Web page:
Among the various major national returns on Tuesday, one of the more notable and less-discussed is the close re-election win by New York Mayor Michael Bloomberg. He has been popular (at least according to polls and surveys), widely regarded as competent, setting policies that have been widely acceptable in town. Although polling showed him in a lead of 15 to 20 percentage points, he set up a terrific campaign apparatus and funded it to the level of six figures – unheard of for such a race. And he drew for opposition relative unknowns who didn’t campaign hard or well. Exit polls on election day put his approval rating among voters at about 70%. He was expected to win in double digits, easily – this logically should have been a landslide. Instead, he won by only about four points. But for his extraordinary campaign, he probably would have lost.
New York evidently was no aberration. Incumbents did not have an easy time on Tuesday – and the key point seemed to be, throw out the insiders.
One of the most surprising Northwest results on Tuesday was the ouster of popular (or so was widely thought) Pocatello Mayor Roger Chase, who lost to a challenger who campaigned only lightly and seemed as surprised at his win as everyone else in town. There were more mayoral ousters in Idaho, too. The the Magic Valley, well-known names were turned out in Burley, Buhl and Minidoka. The veteran mayor of fast-growing Ammon was bumped out. A lot of council members lost their seats. Some of this happens every election, but the ratio this time seemed a little high.
In Washington, one of the most consequential mayoral races resulted in popular (yes, again) Vancouver Mayor Royce Pollard bounced by Tim Leavitt (a council member, but positioned as an outside). In Seattle, voters first (in the primary) left the incumbent two-term mayor Greg Nickels in third place, then in the general, faced with two newcomers, gave the nod to the contender (Mike McGinn) who was least aligned with Nickels, the downtown power structure, or anything resembling incumbency. Two incumbent council members lost at Spokane.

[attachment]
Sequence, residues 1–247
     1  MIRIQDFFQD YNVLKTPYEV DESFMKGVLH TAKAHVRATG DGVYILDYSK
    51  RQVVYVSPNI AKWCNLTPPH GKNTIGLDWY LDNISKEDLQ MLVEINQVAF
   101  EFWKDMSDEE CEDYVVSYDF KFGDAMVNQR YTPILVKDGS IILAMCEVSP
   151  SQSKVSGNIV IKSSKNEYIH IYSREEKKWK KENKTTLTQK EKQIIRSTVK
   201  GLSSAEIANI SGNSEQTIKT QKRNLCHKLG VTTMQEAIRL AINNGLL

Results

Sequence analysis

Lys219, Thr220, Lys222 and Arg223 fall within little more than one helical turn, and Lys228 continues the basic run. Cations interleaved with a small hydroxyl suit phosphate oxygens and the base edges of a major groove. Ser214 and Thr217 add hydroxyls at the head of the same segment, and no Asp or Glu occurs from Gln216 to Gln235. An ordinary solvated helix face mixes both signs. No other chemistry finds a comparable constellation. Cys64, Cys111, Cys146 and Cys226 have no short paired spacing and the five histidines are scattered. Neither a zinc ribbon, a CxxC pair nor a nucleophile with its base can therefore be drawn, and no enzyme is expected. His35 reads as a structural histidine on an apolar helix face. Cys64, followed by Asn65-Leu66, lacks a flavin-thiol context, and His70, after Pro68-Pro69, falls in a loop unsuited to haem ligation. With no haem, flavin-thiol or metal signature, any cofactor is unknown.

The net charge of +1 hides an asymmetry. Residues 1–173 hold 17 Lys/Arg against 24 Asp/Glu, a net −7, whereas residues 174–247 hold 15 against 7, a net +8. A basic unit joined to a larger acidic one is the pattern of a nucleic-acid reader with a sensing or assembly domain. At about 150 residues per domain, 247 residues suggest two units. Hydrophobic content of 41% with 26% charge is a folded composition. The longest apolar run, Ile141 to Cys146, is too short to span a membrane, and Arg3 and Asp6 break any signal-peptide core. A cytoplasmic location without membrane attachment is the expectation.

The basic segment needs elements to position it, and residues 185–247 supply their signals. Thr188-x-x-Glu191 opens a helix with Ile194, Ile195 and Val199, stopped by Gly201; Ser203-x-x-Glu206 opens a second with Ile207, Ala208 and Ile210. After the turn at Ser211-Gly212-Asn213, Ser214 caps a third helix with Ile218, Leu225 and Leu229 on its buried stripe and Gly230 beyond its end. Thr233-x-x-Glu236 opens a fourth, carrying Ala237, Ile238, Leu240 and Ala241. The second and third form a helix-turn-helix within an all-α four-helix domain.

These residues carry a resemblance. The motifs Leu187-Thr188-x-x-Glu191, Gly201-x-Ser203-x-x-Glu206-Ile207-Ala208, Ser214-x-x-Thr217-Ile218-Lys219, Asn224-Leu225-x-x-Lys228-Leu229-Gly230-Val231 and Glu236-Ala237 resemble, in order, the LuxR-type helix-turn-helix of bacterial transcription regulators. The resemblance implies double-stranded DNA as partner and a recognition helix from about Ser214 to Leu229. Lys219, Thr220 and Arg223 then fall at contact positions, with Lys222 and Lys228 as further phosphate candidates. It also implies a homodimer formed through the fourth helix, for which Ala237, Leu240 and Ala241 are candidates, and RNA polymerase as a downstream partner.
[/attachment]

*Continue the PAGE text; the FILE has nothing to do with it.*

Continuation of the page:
Incumbents didn’t do badly everywhere, of course. But there’s another side-operative point here. To repeat a slice from the Betsy Russell blog (at the Spokesman-Review): “After the Idaho Republican Party took the unusual step of passing a central committee resolution backing party involvement in non-partisan city races, one county’s GOP central committee endorsed a challenger, Alex Creek, in a city council race in Idaho Falls; some party activists portrayed a Boise City Council race as partisan because one candidate, T.J. Thomson, was a key organizer for Barack Obama’s Idaho campaign; and a non-official GOP group endorsed and campaigned for a city council challenger, Jim Brannon, against councilman Mike Kennedy in Coeur d’Alene. The result: Creek lost 2-1; Thomson won handily; and Kennedy won by five votes.”
The logical conclusion here doesn’t seem to be an anti-Republican pattern; rather, it looks as though endorsement by insiders (even if those endorsed are challengers) didn’t come off well.
The mood seemed to be not ideological, but rebellious. A consideration to think about as the next year, with its mid-term cycle concluding next November, begins to unfold.
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